Our hallway was likewise full of paint fumes, which mattered because we had our room door open for sales and pick ups. I had brought along cookie dough from scratch, and Maggie supplied the toaster oven... we countered the paint smell with the smell of baking chocolate chip cookies! Then, I wandered around, offering people fresh cookies. This is what the hobby is about, making the best of a situation, and sharing nice things!

"Why would one take raw cookie dough to Bfest?"

For such a short trip, Maggie and I planned ahead for our meals. We brought an ice chest, just in case there was no refrigerator in our room. The CHIN rooms can be a bit of a surprise, if you asking for a combination of things like pet friendly, early check-in, and the remodel is active. Cookies are great, but we also bring healthy stuff, like fresh veggies, salads, fruit, hummus, yogurt, lean ham, etc. It is a win-win: feel good and energetic all week, and save the fast-food money for buying models and unavoidable convention expenses. Food is a big deal to me, and I can't begin to tell you how comforting it is to look forward to fresh meals and sweet summer peaches, during each exhausting day of the con. My Bfest tip, for you!

Thursday started at 5am for us, because Maggie had a judging assignment at the North American Nationals, the most competitive model horse show on this continent. This required us to be at the hall 30 minutes before the entrants. I was an entrant, and proxying for three others, including Maggie. As you might imagine, handling 19 china horses in one morning at the Nationals level, and you only own 6 of them, requires some fortifying snacks, steely nerves, and organization.

My NAN equipment.
Emergency chocolate courtesy of Cindy Evans.

Above you see the only page of the program I looked at. I never noticed the cover of the NAN program until tonight, when Jo Ellen Arnold pointed this out to me:

Front and center is her vintage Hagen-Renaker Thoroughbred and Jockey, shown as "Santa Anita", which was also featured in a previous blog post! Congratulations! (The different trophy design shown there is the one I sculpted for the previous 2012-13 NANs.)

At NAN, there is no fraternizing allowed between proxy and judge, so I had Maggie put all her tags and paperwork out with each horse on arrival, before the show. There would be no allowance for questions, if I got her horses confused. I did not see her again until the cart was loaded with packed boxes to leave! Organization is key to proxying at NAN.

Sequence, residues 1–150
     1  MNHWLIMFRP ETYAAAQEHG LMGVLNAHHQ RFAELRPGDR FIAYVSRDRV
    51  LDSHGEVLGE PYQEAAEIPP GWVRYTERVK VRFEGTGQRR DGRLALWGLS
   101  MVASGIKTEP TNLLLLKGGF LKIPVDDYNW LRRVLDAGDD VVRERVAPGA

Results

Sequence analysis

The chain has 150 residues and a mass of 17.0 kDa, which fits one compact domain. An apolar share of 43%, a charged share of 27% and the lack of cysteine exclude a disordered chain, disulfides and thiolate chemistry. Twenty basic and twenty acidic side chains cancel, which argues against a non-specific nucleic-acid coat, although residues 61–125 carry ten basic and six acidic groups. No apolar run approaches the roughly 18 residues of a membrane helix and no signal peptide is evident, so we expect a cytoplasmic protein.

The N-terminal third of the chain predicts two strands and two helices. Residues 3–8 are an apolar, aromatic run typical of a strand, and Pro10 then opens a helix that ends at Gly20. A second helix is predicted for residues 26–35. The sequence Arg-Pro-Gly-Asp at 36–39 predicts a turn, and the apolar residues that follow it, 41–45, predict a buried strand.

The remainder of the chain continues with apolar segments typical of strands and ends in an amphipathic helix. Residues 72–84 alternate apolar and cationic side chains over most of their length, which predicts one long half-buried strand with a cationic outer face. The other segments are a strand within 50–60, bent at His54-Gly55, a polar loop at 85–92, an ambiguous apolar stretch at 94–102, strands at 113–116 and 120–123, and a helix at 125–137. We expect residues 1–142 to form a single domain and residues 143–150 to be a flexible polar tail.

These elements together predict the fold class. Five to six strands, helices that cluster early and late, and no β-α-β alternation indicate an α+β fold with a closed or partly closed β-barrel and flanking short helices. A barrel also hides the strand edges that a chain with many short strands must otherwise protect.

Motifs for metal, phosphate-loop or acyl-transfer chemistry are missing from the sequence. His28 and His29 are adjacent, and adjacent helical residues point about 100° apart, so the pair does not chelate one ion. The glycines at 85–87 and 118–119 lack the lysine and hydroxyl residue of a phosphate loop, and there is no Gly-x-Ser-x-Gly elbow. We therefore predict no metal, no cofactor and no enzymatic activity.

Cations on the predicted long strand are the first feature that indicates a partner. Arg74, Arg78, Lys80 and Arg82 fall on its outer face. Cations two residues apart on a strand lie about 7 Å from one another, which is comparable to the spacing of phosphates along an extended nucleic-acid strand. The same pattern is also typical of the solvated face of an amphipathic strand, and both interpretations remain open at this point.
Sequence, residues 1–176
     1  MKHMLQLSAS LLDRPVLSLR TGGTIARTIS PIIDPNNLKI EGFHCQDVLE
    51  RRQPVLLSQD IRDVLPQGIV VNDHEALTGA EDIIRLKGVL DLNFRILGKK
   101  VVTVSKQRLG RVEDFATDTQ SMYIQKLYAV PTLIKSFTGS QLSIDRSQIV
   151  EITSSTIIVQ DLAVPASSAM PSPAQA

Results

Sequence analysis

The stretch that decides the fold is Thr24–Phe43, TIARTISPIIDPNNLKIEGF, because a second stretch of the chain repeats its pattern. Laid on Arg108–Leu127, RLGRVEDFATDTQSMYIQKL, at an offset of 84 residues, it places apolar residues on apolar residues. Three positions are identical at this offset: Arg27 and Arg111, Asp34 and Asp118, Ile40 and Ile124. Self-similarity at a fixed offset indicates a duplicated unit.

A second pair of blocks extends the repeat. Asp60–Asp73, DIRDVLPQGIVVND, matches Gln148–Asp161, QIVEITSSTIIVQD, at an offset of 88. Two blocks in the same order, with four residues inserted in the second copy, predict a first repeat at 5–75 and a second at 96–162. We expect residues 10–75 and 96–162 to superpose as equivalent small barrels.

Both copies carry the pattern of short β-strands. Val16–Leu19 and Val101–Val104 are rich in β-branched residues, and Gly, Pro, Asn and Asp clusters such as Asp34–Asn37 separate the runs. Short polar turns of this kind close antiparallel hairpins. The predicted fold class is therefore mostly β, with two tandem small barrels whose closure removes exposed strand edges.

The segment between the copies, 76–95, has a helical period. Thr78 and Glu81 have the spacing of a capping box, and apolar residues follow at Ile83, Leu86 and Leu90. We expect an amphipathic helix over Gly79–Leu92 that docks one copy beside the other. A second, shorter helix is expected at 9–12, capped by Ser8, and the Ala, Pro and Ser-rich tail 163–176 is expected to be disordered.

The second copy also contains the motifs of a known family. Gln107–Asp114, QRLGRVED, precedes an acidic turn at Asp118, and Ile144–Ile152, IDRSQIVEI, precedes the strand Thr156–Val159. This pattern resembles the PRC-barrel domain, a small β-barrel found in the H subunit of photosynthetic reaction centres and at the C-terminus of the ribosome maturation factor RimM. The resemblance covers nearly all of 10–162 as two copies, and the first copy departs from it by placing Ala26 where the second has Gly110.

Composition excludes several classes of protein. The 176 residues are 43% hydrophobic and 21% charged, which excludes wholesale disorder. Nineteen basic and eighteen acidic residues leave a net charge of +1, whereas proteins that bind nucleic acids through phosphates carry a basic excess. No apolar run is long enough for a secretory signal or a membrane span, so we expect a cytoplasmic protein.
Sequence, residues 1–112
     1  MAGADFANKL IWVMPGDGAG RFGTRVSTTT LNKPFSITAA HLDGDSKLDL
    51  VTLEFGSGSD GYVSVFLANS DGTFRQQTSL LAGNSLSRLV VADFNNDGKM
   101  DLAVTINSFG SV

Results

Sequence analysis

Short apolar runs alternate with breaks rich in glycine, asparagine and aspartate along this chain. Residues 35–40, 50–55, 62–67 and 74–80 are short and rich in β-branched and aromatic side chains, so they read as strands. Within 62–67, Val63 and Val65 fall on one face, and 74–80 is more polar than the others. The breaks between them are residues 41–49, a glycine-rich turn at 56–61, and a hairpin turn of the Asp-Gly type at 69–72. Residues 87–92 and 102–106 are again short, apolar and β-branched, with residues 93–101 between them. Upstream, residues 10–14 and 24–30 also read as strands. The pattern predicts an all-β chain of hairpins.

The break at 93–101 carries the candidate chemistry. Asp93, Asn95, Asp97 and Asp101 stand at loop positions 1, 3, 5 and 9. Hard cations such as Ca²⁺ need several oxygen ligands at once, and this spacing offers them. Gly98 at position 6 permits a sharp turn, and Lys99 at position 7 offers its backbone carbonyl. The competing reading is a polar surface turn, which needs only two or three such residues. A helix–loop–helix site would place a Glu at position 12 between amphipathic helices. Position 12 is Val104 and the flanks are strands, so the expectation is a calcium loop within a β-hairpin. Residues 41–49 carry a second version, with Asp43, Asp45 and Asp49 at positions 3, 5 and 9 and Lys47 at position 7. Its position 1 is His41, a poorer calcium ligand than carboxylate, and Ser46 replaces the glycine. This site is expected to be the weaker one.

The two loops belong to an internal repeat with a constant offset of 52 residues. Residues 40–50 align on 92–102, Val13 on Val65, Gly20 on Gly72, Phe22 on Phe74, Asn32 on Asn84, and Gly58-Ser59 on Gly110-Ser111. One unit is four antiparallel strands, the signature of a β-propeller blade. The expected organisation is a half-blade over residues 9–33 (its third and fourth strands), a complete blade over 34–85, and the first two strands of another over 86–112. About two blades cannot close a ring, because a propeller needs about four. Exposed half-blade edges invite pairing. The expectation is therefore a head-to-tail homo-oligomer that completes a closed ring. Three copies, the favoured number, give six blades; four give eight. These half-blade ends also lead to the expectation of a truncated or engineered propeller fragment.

Custom glaze and OF models owned by Maggie Barkovitz,
 Jackie Hasser, Elizabeth McKinnon, and the author.

These two photos are just one small segment of the portion of the judging rings devoted to all chinas.
It seemed to me, just one opinion here, that the OF division was not as deep,
 nor as fierce, as it had been in previous KY NANs. 

The opportunity to photograph variations and oddities for future blog posts was not lost on me. A couple folks (thanks, Diana!) alerted me to oddities, while I was walking back and forth. When folks said, "There's another blog post!" and "Is this going to be on your blog?", I smiled because that's exactly what my husband says! 

Can you spot why I took his picture?
Model owned by unknown.

Check out this cool factory error HR DW Heather!
When the greenware is dry, some colors of slip look very similar.
Looks like a decorator grabbed a white slip body and sprayed it 
as if it was a palomino tinted slip body.
Model owned by unknown.

Remember the Roan Lady post?
This San Dimas white has mixed blue and green ribbons!
Model owned by Susan Candelaria.

The busy day was bolstered with shared congratulations, humility, and forgiveness. Maggie forgave me for missing her class while I was called by a steward. In all my years of showing models as a proxy for others, I have never, ever missed a class. I was absolutely sick about it, especially that my misfortune had splashed over onto someone else. But, that same forgiveness and calm in use earlier, came back to me. The ripples have to go out before they can return, and everything we do at a show is amplified to those around us.

Here are some of the horses I owned or handled at the Nationals; sorry that I do not have photos of all of them. Custom Glaze Grey Workmanship was astonishing, as the top five point-winners in the class were all glazed by me. I was floored. Here are links to the official NAMHSA results with photos of some of the others I handled that day.

Custom Glaze by the author, on the Orion (CC5) trophy mold.
"Amadeus", formerly o/b author, now owned by Jayne Kubas.

Custom Glaze by the author, on the Clinky Classic 4 trophy mold.
"Emperor's Favorite", owned by Elizabeth McKinnon.

"Ighma' ", Claybody Custom by the author, on the Muddier mold.

"Smokin' Baby Back Ribs", Claybody Custom by the author, on the Phoenix mold.

The highlight of NAN for me was winning a Workmanship Top Ten with a... BLACK... custom glaze... standing horse. The single hardest color to make appealing or dimensional, on a plain standing pose. He is my personal casting of the "Go Boy's Shadow" portrait.

National Champions I handled for their owner, Maggie, but have no photos:

"Nabu", custom glaze by Joan Berkwitz, on Minkiewicz' Stormwatch mold.

"Widowmaker", custom glaze by author on Ratrod mold. This fellow was a double-National Champion last year.

Of the horses I was handling, I think only the affected three and my "just for fun" green decorator custom glaze didn't bring home awards. This meant I was busy, moving between judging rings, ribbon pick up, and trophy photo station. I saw several horses I made also win trophies, but everything goes so quickly, I was unable to snap pix of them. Ad Astra, owned by Marilyn Jensen- I saw you! These odds are really amazing, at the National level. I was beyond thrilled!